In the course of rafting up and down the Saint Lawrence, the Lantier brothers may have had occasion to call in on their mother frequent enough to convince her they still officially resided in Saint-Polycarpe.  That or a mother’s wishful denial must have led her to identify them as members of her household when the 1861 census-taker came round.  It would appear however, her boys were much more tied to Garden Island at that point. Both appear in the same 1861 census as Wolfe Island residents! (One has to wonder how much double counting like this went on in those days – better to inflate the numbers and keep the Americans guessing).

In fact, Gaspard or ‘Rody” had married Margaret Woods at Sacred Heart of Mary Roman Catholic Church on Wolfe Island in November, 1860, the previous year!  (Ozée would later also marry an island girl, Margaret Dufour.)  Rody identified himself in the 1861 census on Garden Island as a sailor, consistent with what his mother was saying down river. But perhaps with married life pressuring him to settle down, the next time he appears in the records he is a blacksmith, a trade he likely learned from his father-in-law Joseph Woods, a long-time blacksmith for the Calvin company.  Rody and his young wife appear in the 1861 census as the amusingly phonetic “Rody and Margaret LANCHAY”.

Margaret Woods was likely born in or near Clayton, New York.  Her father was a blacksmith for the Calvin company, as was her mother’s father.  Her mother was Rachel Campbell, who appears to have been born Marguerite Campbell in 1819 in Trois-Rivieres to Frederick Campbell and Margaret Hamel of Montreal. After another girl was also born in Trois-Rivieres, the Campbells moved to Montreal and had a third daughter and two sons. Sometime later Frederick entered the employ of the Calvin Company and the family took up residence in Clayton.  Rachel/Marguerite’s sisters Marie Anne and Sophie married brothers Nelson and Joseph Duford and established families in the Clayton area.  When Calvin moved the company to Garden Island in 1844, Frederick and Margaret Campbell went with him, their two sons in tow.  So too did Rachel and her husband, Joseph, also a company man, and the first two or three of their children (it is unclear whether daughter Margaret was born in Clayton or Garden Island).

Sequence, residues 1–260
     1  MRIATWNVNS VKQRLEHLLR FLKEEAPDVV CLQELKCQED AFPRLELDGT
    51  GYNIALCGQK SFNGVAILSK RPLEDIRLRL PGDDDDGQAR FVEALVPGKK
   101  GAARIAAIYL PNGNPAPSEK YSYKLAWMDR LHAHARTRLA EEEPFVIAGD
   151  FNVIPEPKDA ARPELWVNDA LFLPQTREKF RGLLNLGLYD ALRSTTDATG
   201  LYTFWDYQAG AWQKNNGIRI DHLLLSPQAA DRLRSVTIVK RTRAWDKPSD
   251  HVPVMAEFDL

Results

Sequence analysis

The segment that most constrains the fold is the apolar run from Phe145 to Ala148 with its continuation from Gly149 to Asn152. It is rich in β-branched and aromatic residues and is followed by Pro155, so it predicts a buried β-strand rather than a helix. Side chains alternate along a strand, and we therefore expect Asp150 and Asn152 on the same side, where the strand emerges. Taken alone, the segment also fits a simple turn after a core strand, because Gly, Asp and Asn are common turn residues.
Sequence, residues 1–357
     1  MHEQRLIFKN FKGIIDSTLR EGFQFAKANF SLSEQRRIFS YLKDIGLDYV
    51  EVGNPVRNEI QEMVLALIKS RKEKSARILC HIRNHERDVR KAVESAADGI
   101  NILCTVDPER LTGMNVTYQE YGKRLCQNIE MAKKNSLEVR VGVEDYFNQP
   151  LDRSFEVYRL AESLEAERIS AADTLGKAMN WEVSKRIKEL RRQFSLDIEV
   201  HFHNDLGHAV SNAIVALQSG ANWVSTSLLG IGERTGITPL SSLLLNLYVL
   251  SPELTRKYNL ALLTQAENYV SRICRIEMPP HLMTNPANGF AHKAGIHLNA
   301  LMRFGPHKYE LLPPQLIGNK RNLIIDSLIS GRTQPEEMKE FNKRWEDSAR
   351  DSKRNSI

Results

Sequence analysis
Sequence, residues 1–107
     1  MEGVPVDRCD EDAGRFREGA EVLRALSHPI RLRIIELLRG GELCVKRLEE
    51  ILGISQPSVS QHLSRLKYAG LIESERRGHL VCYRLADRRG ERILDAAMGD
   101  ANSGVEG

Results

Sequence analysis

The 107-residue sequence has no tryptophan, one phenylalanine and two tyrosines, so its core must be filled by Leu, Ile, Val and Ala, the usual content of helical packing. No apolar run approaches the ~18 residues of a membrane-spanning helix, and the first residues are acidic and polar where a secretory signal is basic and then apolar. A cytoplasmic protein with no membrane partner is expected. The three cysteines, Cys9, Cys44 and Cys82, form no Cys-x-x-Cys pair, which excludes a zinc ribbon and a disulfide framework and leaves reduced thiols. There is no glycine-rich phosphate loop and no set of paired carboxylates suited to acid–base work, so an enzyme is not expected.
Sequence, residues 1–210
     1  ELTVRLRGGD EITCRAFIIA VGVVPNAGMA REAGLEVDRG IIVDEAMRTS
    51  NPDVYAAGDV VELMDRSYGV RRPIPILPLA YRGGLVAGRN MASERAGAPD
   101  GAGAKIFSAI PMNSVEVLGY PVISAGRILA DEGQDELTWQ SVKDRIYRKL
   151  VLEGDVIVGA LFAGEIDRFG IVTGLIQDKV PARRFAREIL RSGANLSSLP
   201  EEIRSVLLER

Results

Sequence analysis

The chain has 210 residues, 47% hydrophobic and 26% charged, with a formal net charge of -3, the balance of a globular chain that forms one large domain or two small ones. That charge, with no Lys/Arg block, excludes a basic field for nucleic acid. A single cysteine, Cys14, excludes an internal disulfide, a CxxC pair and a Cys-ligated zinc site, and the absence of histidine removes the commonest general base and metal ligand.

Rody and Margaret had nine children: Joseph Henri, Ursuline Josephine, Catherine, Marie Sophie, John Baptiste (Phileous or Philip), Frederick Thomas, Nelson, Esther and Wilfred.  The first five were born during their time at Garden Island.  Shortly after the birth of John Baptiste in 1869 they moved to the mainland, in the county of Grenville close to the town of Prescott.

In the 1871 census Gaspard ‘Rody’ is recorded as “Rodrick”, while son John Baptiste is captured as “Philease”.  In the census of 1881, still in south Grenville, Gaspard has become “Gaspier” (and indexed in the digital version as “Lantier or Lantin”).  In 1891 they are in Carleton County, in Nepean, and he is “Gasper”.  Phileous, here referred to as “Philip” identified himself at this time as a “Tobacconist”. By 1901 the family was at 177 Rochester Street, in the Dalhousie Ward of the City of Ottawa. Margaret and Gaspard have four of their adult children still living with them (Frederick, Nelson, Esther and Wilfred) and Gaspard for the first time in his life since appearing in the register of the Saint-Polycarpe parish, is listed by his proper name.  He died August 21, 1907 as “Gaspard”, of “myocarditis and nephritis” (inflammation of the heart and kidney).

Ozée, was still a “mariner” on Garden Island when his brother moved away.  He eventually moved to U.S. side of the border and died in Jefferson County, New York in 1925.

Full Circle

John Baptiste or Philip stayed with his parents until he was a young man in Ottawa.  In 1897 he married Catherine Helena Tallon (1869-), daughter of Thomas Tallon and Elizabeth Birdwhistle.  Catherine was born and raised in Ottawa, as was her mother “Betsy”.  Her father was born in Ireland and married the slightly older Betsy in Ottawa shortly after Betsy’s first husband Patrick Murphy died.

Philip and Catherine in turn had six children: John Gaspard (Jack), Catheline, Mary Frances Helen, Tallon Marcus, Edwin Philip (Ned) and Elmer Harold.  At least two (Ned and Tally) migrated down the Ottawa River as young adults to marry and settle in Montreal, bringing the family back to its geographic roots.

Steve Rogers is married to Gaspard Lantier’s Great Great Grand-daughter Jennifer Lanthier.

Births, Deaths and Marriages

Quebec Vital and Church Records – Drouin Collection (1621-1967),  Institut Généalogique Drouin, Montreal, Quebec (database on-line at

Canadian Censuses of 1851, 1861, 1871, 1881, 1891, 1901, Library and Archives Canada
(Indexed on-line at and

Genealogical and Family History of the County of Jefferson New York, R.A. Oakes, Jefferson County Historical Society, The Lewis Publishing Company, 1905
Photo of Saint Polycarpe

“Bridge and church, St. Polycarpe, QC, about 1910”, ink on paper mounted on card, at the McCord Museum,
690 Sherbroke St. W., Montreal
D.D. Calvin Biographical Information

Dictionary of Canadian Biography Online
Raft Building and Photos of Garden Island

A Kingston  Album: Glimpses of the Way We Were, by Marion Van de Wetering, Dundurn Press Ltd., 1999. Photos from Queen’s University Archives.